When recommendations go bad: Walmart & the “Planet of the Apes” fiasco

The recent recommendations fiasco at Walmart (people looking for Planet of the Apes were directed to movies about Martin Luther King Jr.). Expectedly this was found offensive many and was all over the blogosphere. Walmart now says it was due to some mis-cataloging by an employer in 2005. The end result: its not just that recommendation being changed, the whole recommender system is being taken down.

This is not the first time that recommender systems have been in the news for strange recommendations – though in the past its been about about ludicrous rather than offensive recommendations. For example, recall the “My TIVO thinks I am gay” article and Amazon recommending “underwear” to people looking for .NET books.

Recommendations are often used to provide some cross-category interlinking, going beyond staid genre systems, or “books by same author” etc. As such, recommendations are inherently risky since they help customers discover tastes. I feel 100% confidant in predicting this is not the last recommendation fiasco.

Turns out that the Walmart fiasco was due to human error (actually, turns out that Walmart base its recommendations on some type of manual cross-linking, not user input or collaborative filtering algorithms).

Walmart.com manually assigns movies to specific “item display groups,” such as science fiction or African-American culture. The company’s internally developed software then generates links guiding shoppers to other movies in that group.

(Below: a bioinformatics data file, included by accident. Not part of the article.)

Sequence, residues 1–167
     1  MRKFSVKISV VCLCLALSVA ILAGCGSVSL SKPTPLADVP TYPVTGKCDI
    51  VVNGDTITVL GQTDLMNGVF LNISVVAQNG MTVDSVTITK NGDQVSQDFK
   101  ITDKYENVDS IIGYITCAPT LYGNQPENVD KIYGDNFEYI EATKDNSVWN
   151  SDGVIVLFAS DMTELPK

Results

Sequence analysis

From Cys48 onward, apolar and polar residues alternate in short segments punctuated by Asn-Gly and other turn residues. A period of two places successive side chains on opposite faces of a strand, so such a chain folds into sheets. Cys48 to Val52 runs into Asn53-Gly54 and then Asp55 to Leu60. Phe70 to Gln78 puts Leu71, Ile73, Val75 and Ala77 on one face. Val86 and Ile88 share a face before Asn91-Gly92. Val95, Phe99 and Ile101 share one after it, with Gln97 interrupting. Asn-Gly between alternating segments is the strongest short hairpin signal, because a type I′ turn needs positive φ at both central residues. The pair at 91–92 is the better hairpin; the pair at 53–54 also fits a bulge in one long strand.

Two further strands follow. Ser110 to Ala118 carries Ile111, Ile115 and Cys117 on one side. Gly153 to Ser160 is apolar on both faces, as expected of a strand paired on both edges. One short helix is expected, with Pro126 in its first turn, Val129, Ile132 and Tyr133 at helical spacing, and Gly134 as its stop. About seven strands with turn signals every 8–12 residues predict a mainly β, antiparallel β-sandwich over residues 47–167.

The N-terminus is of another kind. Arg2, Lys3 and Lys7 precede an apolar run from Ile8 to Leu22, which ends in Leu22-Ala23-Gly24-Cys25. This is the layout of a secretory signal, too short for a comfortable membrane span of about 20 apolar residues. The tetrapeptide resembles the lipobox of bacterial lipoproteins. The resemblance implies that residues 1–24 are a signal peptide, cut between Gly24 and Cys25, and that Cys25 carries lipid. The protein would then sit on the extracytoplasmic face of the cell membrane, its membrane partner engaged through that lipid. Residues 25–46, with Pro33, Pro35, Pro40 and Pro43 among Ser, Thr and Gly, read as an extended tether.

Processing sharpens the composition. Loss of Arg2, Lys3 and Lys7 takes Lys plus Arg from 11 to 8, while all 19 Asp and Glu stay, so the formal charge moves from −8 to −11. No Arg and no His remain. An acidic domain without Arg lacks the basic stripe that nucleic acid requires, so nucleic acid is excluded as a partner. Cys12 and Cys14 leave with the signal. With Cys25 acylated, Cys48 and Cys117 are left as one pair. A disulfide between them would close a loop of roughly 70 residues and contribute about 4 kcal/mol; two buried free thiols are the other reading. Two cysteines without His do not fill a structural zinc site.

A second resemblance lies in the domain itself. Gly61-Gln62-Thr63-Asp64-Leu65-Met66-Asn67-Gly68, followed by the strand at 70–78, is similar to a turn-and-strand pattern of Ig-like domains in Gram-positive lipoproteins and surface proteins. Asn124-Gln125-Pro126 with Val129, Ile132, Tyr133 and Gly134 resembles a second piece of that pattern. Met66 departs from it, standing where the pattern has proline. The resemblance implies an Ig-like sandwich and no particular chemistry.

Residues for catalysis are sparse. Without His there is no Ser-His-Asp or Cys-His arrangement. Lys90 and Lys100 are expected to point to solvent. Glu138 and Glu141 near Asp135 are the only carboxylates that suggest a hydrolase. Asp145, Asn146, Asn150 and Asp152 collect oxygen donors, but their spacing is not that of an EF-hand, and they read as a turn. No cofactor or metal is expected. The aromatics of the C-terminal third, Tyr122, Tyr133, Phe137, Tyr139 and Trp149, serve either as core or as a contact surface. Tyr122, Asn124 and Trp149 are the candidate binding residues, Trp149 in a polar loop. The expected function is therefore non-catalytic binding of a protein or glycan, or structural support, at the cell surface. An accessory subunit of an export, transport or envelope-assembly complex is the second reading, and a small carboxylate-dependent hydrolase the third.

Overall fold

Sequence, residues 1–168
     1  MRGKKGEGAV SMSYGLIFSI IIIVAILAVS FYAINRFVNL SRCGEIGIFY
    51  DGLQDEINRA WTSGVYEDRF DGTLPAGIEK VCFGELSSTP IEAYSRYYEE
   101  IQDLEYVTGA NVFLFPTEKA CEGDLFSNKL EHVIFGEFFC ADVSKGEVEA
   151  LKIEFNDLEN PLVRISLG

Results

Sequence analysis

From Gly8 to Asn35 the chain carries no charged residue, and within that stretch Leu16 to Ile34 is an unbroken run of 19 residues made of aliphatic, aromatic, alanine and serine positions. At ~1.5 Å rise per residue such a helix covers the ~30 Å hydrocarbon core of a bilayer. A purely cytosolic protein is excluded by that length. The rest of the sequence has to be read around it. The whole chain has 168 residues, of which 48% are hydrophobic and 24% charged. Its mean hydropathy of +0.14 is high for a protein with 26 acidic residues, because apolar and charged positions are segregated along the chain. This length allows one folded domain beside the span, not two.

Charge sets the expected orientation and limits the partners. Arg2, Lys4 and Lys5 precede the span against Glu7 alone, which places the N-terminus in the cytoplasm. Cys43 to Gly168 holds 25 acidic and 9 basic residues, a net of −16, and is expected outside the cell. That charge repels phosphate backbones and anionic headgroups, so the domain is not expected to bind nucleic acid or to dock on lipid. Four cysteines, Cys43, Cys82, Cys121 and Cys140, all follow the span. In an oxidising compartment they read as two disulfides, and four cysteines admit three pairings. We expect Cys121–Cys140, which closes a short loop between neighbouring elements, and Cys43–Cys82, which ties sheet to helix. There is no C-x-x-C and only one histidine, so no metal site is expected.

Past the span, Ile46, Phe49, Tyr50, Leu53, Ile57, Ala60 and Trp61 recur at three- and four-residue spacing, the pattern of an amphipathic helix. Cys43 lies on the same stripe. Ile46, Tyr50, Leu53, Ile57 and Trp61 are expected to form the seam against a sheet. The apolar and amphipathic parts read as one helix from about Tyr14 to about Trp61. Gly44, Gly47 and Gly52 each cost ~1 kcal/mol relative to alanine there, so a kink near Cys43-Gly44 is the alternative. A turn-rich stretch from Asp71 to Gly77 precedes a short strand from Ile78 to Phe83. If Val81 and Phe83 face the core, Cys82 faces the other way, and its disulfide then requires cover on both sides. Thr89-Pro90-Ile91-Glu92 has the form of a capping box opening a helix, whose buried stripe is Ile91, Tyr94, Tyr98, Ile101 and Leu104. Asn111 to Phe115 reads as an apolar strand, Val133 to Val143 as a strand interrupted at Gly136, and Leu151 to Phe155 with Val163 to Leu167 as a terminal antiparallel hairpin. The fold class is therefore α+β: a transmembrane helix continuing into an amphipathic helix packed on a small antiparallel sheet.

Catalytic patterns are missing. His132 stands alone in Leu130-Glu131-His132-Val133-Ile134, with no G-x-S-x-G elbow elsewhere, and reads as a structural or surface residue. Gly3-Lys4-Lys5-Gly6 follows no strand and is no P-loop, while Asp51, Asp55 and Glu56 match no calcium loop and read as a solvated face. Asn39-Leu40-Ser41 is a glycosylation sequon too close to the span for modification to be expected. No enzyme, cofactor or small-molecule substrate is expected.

Their approach makes their system very susceptible to human error (and not much of a recommender system, I might add). But one can imagine more automated approaches (e.g., systems using collaborative filtering) making such recommendations – under specific circumstances. Let me describe a few possibilities.

Recommender System bombing: John Battelle used this term first, and its entirely within the realm of possibility. A group of people could decide to let the recommender system know that they see a link between two items. For example, people could buy two books, or rate both highly over a short period of time. Recommendation system algorithms look for signals in a bunch of background noise. Given enough people, the system would learn that there was a link between two items.

By chance: You could end up with the same result without any deliberate manipulation on anyone’s part. Imagine that Walmart was experimenting with showing different movie paired with Star Wars (rotating among a bunch of movies chosen randomly). This random pairing was being done as a trial phase while they gathered user data to make real recommendation. Imagine that one of the recommendations was so odd (maybe offensive or maybe simply weird), that people clicked on it just to understand why it was recommended. Pretty soon, the recommender system “learnt” that these two items were linked in people’s minds and an offensive recommendation was born.